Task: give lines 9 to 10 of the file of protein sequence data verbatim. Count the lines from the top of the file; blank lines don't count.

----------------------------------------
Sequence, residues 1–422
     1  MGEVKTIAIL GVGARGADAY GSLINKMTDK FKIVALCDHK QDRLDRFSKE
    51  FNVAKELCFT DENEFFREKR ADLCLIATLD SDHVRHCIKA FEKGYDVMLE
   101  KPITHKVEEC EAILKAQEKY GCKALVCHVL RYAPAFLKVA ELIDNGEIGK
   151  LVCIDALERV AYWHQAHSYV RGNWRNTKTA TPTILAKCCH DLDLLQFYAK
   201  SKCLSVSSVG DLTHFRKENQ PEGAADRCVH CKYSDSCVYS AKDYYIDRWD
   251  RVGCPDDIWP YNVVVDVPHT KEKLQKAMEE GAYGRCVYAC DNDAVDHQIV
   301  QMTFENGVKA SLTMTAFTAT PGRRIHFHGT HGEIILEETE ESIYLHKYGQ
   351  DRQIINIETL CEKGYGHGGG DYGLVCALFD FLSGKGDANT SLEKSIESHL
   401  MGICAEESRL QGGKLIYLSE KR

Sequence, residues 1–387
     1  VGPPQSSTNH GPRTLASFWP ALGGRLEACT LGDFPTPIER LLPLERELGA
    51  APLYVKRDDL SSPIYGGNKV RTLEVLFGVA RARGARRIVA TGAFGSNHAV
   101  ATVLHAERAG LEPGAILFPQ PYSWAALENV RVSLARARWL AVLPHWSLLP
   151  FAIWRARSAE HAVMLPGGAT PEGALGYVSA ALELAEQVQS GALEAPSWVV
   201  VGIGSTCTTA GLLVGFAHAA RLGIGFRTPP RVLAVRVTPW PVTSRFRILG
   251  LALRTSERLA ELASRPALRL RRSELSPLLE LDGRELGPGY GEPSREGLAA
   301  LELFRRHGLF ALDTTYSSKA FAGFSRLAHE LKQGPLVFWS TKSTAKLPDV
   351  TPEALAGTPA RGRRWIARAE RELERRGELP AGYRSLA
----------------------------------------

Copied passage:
   351  DRQIINIETL CEKGYGHGGG DYGLVCALFD FLSGKGDANT SLEKSIESHL
   401  MGICAEESRL QGGKLIYLSE KR